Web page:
This Major City Just Voted to Do Away with Columbus Day

This is a big win for activists who view the explorer as a symbol of genocide for native peoples in North America and elsewhere.

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The Los Angeles City Council has approved a motion to replace Columbus Day—traditionally celebrated on the second Monday of every October—with Indigenous Peoples Day. The city joins a growing list of major cities to make the switch: In 2016, Phoenix changed the name and joined Portland, Seattle, Oklahoma City, Albuquerque, and Denver.

But why?

It’s no secret that the validity of Columbus Day has been controversial for decades, but it wasn’t until recent years that debate resulted in change.

Though Columbus sailed the ocean blue on four separate trips beginning in 1492, he never reached North America. Rather, he landed on various Caribbean islands that are now the Bahamas, as well as the island later called Hispaniola (home to the Dominican Republic and Haiti). His time on these islands is noted for the decimation of native populations, among other atrocities, according to historians. Such revelations led to even more concern over a federal U.S. holiday in his honor.

The first Columbus Day celebration in the U.S. occurred in New York in 1792 as a means for honoring Italian-American heritage, after a group called the Knights of Columbus, a Catholic service organization consisting largely of Italian Americans, fought for the creation of the holiday.

The recent vote by the L.A. City Council ensures that Indigenous Peoples Day will serve as an official city holiday by the 2019 calendar year. While then-Governor Arnold Schwarzenegger nixed Columbus Day as a state holiday in 2009, it is still observed as a legal city holiday, which allows for city workers to receive paid time off. The change to Indigenous Peoples Day means that workers will be granted the same benefit.

“We should question why we as Americans continue to celebrate him without knowing the true history of his legacy, and why a holiday was created in the first place. He never landed in the USA,” Leo Killsback, PhD, a citizen of the Northern Cheyenne Nation and assistant professor of American Indian Studies at Arizona State University, told CNN in 2016.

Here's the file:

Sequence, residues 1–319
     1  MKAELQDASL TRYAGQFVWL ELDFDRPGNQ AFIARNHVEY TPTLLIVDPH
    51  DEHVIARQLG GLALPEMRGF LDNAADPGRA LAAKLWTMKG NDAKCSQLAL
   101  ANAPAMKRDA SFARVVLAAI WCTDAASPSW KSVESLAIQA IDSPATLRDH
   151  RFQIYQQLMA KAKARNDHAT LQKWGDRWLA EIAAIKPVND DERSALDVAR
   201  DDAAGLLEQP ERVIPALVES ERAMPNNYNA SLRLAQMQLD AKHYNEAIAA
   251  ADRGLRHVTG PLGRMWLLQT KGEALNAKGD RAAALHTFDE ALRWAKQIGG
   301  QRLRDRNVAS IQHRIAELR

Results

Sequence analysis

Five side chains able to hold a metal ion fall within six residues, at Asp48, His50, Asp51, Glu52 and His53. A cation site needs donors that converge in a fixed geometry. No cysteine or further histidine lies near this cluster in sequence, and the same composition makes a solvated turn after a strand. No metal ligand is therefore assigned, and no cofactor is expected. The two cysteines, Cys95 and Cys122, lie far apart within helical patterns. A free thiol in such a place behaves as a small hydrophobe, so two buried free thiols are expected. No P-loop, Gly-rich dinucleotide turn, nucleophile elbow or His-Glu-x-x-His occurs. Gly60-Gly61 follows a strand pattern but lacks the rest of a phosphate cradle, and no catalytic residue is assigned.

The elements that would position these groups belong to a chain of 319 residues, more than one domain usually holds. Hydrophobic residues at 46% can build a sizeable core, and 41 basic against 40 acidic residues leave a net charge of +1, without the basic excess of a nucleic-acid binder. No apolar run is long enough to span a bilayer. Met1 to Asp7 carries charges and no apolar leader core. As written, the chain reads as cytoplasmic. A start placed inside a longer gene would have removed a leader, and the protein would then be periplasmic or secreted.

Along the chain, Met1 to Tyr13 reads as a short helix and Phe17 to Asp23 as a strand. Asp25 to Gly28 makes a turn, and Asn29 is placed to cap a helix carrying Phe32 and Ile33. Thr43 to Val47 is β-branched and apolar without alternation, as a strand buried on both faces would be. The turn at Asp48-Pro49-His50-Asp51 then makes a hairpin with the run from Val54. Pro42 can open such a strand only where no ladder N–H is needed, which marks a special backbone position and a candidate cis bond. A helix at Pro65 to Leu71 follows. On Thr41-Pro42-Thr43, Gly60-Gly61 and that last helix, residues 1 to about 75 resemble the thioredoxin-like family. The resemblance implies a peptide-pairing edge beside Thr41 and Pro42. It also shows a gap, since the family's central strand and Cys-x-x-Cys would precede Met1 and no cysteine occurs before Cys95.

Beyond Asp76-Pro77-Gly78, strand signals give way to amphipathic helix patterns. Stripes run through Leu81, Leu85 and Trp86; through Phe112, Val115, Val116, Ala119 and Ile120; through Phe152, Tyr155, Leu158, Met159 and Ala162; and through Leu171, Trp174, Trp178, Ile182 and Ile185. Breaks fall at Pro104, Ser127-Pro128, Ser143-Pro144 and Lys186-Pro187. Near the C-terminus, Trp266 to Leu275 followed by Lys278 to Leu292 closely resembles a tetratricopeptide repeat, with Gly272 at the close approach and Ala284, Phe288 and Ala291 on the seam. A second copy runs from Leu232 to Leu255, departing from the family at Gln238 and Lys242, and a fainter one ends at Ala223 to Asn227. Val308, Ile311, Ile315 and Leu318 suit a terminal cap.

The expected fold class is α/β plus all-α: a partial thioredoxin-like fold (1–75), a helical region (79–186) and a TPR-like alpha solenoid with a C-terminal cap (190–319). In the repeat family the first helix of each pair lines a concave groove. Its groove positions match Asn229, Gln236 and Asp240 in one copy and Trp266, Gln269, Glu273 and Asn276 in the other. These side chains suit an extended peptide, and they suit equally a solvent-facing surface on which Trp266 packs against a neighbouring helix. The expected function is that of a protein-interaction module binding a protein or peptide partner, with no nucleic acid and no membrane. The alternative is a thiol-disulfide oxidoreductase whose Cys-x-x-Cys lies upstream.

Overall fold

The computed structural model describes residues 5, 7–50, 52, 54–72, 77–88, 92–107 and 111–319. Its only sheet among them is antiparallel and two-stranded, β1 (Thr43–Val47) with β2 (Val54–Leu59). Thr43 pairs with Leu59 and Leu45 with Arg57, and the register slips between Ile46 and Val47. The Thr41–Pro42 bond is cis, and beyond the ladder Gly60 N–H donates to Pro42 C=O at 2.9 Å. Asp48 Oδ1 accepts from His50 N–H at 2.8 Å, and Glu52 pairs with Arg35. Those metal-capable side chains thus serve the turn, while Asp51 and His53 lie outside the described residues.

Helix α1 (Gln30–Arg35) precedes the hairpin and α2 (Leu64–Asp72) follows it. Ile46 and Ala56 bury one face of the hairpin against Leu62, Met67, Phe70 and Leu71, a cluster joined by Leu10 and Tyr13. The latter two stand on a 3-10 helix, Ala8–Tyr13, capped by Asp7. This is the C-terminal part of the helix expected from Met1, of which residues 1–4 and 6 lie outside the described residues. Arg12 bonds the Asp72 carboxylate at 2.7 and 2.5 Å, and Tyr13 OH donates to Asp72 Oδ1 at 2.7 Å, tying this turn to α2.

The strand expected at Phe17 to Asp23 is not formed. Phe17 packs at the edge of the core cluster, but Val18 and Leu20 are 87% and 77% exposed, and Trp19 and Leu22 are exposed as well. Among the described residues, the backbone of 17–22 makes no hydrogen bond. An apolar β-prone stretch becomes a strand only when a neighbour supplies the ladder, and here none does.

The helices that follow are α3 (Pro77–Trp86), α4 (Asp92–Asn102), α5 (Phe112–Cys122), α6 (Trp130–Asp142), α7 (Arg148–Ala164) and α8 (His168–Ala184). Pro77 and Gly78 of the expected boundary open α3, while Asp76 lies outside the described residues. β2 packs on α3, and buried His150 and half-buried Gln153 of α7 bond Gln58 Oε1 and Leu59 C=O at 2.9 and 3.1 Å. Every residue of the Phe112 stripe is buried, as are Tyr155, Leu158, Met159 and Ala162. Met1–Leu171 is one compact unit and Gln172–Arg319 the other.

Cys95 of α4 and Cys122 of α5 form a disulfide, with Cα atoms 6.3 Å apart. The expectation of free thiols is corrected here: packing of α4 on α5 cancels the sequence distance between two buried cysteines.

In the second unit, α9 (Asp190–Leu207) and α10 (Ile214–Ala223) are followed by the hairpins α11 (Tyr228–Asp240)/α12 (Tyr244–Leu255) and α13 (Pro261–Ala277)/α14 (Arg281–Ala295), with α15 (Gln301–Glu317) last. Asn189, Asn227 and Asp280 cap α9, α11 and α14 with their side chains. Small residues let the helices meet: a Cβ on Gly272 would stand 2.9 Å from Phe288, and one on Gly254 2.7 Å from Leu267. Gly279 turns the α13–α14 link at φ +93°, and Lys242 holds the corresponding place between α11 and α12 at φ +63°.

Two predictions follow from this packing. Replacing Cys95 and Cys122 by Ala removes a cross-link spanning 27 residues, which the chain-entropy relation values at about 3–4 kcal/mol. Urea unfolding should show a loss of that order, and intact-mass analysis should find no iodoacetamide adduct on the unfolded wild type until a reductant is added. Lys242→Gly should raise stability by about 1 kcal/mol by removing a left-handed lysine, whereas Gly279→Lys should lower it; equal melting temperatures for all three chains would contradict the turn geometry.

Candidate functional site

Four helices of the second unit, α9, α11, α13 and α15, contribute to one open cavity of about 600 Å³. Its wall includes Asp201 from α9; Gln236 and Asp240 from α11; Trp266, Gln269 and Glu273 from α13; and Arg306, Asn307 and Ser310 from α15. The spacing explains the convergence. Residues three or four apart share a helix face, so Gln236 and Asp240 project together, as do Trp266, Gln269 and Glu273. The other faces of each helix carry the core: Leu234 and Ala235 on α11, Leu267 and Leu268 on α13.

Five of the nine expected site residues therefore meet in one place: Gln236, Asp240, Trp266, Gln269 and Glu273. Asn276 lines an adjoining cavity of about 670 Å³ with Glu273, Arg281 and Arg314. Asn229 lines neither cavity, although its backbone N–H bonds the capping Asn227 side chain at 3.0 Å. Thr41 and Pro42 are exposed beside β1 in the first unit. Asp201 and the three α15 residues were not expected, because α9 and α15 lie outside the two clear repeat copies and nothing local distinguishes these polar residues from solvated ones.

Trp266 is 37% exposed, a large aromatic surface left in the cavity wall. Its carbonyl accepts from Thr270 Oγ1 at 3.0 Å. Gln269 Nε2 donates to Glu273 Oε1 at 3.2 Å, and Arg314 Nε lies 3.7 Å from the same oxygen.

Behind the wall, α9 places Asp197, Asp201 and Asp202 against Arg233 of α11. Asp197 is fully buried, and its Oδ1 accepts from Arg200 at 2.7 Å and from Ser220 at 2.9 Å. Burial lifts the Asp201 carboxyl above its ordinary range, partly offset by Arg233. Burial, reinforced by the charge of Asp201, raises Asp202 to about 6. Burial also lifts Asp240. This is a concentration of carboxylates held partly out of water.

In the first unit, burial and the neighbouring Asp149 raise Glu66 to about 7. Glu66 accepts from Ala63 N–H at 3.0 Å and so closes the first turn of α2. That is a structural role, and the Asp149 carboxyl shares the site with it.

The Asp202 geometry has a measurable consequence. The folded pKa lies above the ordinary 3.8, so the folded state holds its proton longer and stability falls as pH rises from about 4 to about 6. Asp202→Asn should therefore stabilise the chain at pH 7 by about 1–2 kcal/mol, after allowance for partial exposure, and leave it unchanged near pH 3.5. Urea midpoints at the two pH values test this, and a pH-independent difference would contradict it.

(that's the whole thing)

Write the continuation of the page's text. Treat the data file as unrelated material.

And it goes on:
At L.A.’s recent city council meeting, Italian-Americans fought to preserve the annual commemoration of Christopher Columbus, who was born in Genoa. Many were in support of Indigenous Peoples Day, but not at the expense of Columbus Day, the L.A. Times reports.

“On behalf of the Italian community, we want to celebrate with you,” said Ann Potenza, president of Federated Italo-Americans of Southern California. “We just don’t want it to be at the expense of Columbus Day.”

Chrissie Castro, vice chairwoman of the Los Angeles City-County Native American Indian Commission, vehemently disagreed, arguing that city lawmakers needed to “dismantle a state-sponsored celebration of genocide of indigenous peoples,” according to the L.A. Times.

“To make us celebrate on any other day would be a further injustice,” Castro said.

Ultimately, the council voted 14-1 to replace Columbus Day with Indigenous Peoples Day. “I teach my son to apologize and to know when to make amends,” said councilman Mike Bonin, who voted in favor of swapping the holidays, LAist reports. “And replacing [Columbus Day] is a small step towards apologizing and making amends.”

Here are 21 other things you never knew about Christopher Columbus.

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